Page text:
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Isabel Hernandez v. the City of New York

New York Supreme and/or Appellate Courts Appellate Division, First Department


May 31, 2012

ISABEL HERNANDEZ,
PLAINTIFF-APPELLANT,
v.
THE CITY OF NEW YORK, DEFENDANT, THE NEW YORK CITY TRANSIT AUTHORITY,
DEFENDANT-RESPONDENT. [AND A THIRD-PARTY ACTION]

Hernandez v City of New York

Published by New York State Law Reporting Bureau pursuant to Judiciary Law § 431.

This opinion is uncorrected and subject to revision before publication in the Official Reports.

Decided on May 31, 2012

Tom, J.P., Andrias, Saxe, Moskowitz, Acosta, JJ.

Order, Supreme Court, Bronx County (Larry S. Schachner, J.), entered on or about January 25, 2011, which, in this personal injury action, denied plaintiff's motion for an order deeming the facts in her notice to admit as having been admitted by defendant-respondent and to strike the portion of defendant's answer that denied those facts, unanimously reversed, on the law, without costs, and the motion granted.

Defendant is deemed to have admitted the facts contained in plaintiff's notice to admit, as it did not timely respond to the notice (see CPLR 3123[a]; see also New Image Constr., Inc. v TDR Enters. Inc., 74 AD3d 680, 681 [2010]). Indeed, defendant did not respond to the notice to admit until 2½ years later, and then simply objected to the requests as improper and denied the facts "on information and belief." Contrary to defendant's contention, the notice to admit, which addressed matters regarding the ownership, control and duty to maintain the metal grating upon which plaintiff allegedly fell, did not demand answers to material issues of fact. Indeed, defendant's answer did not unequivocally deny the allegation that it "had charge" of the metal grating and a duty to maintain it. Further, the notice to admit properly addressed factual issues likely to be within defendant's knowledge or which it could ascertain upon reasonable inquiry (see Villa v New York City Hous. Auth., 107 AD2d 619, 620 [1985]). Absent any explanation for the belated and patently inadequate response to the notice (see Rosenfeld v Vorsanger, 5 AD3d 462, 463 [2004]), plaintiff's motion should have been granted.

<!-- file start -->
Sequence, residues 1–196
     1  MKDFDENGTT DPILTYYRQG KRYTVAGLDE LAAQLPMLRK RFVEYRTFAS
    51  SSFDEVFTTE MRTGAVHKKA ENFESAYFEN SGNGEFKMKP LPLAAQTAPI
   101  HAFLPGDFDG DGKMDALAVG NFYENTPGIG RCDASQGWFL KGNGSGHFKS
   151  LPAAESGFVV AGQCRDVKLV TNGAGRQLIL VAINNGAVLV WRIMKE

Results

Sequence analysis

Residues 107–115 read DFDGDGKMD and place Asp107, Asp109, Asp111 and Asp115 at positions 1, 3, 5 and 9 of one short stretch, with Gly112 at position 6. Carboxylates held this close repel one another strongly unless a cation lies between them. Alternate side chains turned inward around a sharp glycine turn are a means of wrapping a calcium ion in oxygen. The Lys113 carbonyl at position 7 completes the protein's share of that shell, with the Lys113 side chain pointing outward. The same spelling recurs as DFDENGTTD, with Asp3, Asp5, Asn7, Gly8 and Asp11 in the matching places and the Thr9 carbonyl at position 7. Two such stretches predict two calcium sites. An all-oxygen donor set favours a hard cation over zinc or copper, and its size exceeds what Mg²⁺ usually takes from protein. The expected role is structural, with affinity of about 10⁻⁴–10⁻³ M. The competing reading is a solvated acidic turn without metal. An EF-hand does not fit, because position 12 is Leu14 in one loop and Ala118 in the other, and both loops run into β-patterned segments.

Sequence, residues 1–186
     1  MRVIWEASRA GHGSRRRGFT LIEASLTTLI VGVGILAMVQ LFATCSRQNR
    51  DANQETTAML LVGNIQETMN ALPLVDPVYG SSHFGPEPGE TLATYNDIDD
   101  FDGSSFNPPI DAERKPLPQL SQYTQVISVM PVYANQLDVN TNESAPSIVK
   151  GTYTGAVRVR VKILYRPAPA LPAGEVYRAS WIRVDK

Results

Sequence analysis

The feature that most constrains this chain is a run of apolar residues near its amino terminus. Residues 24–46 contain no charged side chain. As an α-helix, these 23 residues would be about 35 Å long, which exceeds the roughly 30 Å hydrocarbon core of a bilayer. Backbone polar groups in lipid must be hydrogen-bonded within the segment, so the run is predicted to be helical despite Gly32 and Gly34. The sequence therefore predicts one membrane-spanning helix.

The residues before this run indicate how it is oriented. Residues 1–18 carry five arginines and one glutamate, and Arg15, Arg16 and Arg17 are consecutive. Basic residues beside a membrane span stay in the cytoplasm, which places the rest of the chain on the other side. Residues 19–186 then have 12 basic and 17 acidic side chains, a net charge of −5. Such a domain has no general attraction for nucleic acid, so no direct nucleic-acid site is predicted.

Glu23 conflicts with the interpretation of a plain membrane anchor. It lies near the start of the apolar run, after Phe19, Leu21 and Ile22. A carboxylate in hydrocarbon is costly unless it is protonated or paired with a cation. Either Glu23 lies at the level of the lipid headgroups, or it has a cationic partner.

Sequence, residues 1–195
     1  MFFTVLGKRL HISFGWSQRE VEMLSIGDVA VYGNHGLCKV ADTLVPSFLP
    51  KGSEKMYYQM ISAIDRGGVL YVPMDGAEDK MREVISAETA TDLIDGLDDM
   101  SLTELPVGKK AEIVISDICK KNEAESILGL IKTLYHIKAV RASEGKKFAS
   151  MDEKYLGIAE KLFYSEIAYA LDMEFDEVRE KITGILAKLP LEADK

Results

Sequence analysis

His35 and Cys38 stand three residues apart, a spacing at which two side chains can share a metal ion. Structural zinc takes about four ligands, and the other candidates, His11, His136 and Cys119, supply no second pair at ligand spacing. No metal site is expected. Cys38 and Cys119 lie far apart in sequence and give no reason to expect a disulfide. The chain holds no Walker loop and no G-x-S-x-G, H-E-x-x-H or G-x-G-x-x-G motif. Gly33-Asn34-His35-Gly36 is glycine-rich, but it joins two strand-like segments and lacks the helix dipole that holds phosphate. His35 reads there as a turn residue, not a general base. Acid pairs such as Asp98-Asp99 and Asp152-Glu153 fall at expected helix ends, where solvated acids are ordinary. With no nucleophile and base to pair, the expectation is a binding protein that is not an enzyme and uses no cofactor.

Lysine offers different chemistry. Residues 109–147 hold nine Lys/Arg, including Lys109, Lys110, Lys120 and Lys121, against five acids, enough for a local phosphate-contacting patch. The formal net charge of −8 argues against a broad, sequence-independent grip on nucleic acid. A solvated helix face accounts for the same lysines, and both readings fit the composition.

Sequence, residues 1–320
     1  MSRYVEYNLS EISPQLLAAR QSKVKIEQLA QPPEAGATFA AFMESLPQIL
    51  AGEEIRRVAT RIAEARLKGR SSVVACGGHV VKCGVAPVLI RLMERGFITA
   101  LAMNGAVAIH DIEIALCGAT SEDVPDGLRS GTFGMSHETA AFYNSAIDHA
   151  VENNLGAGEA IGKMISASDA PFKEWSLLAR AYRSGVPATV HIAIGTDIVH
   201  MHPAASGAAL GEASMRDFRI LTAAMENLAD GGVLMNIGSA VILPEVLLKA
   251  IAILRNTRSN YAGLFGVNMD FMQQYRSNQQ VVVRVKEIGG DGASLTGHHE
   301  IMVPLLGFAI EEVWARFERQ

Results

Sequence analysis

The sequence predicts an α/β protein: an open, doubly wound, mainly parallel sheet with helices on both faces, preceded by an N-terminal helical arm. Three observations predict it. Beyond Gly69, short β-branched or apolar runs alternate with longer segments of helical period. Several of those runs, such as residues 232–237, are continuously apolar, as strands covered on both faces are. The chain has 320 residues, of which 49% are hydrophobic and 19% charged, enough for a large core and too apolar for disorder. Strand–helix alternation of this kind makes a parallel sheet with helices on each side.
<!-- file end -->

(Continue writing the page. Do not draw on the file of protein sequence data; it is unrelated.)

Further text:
Plaintiff is especially entitled to the relief she requests, given that defendant failed to proffer any proof on the issue of ownership or control of the grating. Moreover, defendant's belated response, after the expiration of the statute of limitations on plaintiff's negligence claim, prejudiced plaintiff as she was unable to bring a claim against the purported actual owner of the grating. By contrast, defendant has impleaded the purported actual owner and may be able to prevail on its claim for common-law indemnification.

THIS CONSTITUTES THE DECISION AND ORDER OF THE SUPREME COURT, APPELLATE DIVISION, FIRST DEPARTMENT.

ENTERED: MAY 31, 2012

CLERK

20120531

© 1992-2012 VersusLaw Inc.



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